The Seven Deadly Spelling Sins
Because I am a writing teacher and a former editor, I am constantly exposed to the most egregious mistakes in writing, grammar, and spelling. I am also seeing a lot of these mistakes online in social networking sites, blogs, and emails. Because I try to be a nice person, I do not point these mistakes out to my friends, but it is time for me to write a blog post about them just for fun. If you struggle with spelling, take notes!
1. There, their, and they’re
These are three different words, and they are not interchangeable. “There” refers to a place and is the opposite of “here.” “Their” refers to ownership of something. “They’re” is a contraction that means “they are,” as in: They are having a spelling party.
2. To and too
“To” is the beginning of any infinitive form of a verb: to run, to be, to smile, to write, to blog. Taking foreign language classes is the best way to drive this one home. It is also a preposition. “Too” means “also” or “in addition to.” It can also mean “in excess,” as in: There are too many shoes in my closet. (Well, that’s simply not possible, but you get the idea.)
3. You’re and your
“You’re” is a contraction form of “you are.” “Your” again refers to ownership (see “their”)
This word never ever (in the United States) has an “e” in the middle.
I don’t know why, but some 90 percent of my students have difficulty spelling this word. There is it, in black and white. Memorize it. I have seen it misspelled as:
Defiantly, Definately, Definetley, Definitly
And so on. I’m sure there are numerous variations to a bad spelling.
6. its and it’s
Again, we have a contraction. The contraction means that two words have been combined, so “it’s” means “it is.” Now, the tricky part is the fact that possession usually uses an apostrophe. However, because this apostrophe is already taken for “it is,” “its” refers to possession in this case.
This one is my personal pet peeve. This refers to that giant flash of light in the sky that usually occurs during a rainstorm and is always followed by thunder. However, I see many people spell it as “lightening,” which can refer to making something lighter, in color or weight. However, it also means the dropping of the baby before a woman gives birth, and that’s what I always think of. So, when people write on Facebook, “The lightening was fantastic last night,” I can’t help but wonder if they are relieved to have finally given birth.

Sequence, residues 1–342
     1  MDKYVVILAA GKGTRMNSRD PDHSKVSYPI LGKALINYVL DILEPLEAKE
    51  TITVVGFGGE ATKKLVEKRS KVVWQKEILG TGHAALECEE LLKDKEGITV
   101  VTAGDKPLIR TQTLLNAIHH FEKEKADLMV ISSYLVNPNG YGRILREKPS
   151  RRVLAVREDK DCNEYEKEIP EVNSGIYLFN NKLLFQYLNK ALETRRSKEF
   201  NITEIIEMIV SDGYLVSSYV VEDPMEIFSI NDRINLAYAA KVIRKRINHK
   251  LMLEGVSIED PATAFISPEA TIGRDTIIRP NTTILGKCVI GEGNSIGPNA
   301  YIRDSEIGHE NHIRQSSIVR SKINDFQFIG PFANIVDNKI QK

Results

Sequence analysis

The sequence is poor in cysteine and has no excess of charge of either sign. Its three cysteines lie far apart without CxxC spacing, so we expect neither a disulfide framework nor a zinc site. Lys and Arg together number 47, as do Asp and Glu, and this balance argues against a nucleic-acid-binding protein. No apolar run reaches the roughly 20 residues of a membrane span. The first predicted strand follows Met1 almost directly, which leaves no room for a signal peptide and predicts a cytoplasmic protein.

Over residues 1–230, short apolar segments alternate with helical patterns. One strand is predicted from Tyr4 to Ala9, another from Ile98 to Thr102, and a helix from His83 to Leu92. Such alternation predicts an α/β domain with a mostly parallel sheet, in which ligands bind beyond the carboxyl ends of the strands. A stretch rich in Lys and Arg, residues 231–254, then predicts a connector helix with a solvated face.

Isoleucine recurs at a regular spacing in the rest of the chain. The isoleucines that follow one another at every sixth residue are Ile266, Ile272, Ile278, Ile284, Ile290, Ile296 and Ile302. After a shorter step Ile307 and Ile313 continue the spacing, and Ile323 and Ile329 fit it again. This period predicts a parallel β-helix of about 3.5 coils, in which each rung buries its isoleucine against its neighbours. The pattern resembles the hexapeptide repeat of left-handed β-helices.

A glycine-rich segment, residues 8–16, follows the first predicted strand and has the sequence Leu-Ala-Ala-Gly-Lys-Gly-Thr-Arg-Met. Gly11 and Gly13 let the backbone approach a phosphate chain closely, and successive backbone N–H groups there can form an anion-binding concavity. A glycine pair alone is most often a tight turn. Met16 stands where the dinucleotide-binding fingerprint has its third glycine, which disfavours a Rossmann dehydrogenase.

I think my annoyance with misspellings comes from the fact that I was a champion speller in middle school. In fourth grade, I studied my heart out and discovered that I had a knack for seeing large words in my head and then repeating them in front of an audience. I won the fourth grade spelling bee with the ridiculously easy “limestone,” because we had gone into a sudden death round where the judges started picking words out of the dictionary. That proud moment in my life led to my most embarrassing, when I proudly spelled a word at the district bee and accidentally added an extra “e” in the middle of the word. I don’t remember the word, but I do remember that it was one I had been struggling with. So, of course, the gods of making people humble made it so that I received that word, spelled it confidently thinking that I had nailed it, and then had my hopes dashed when upon trying to return to my seat, the buzzer indicated that I had flubbed. After that, I still spelled well, but I don’t ever remember winning another competition. I placed third in the school competition, but I was never the same after that humiliating experience.
Do you have any spelling pet peeves? What sorts of mistakes do you see your friends making on social networking sites? Do you take it upon yourself to correct them?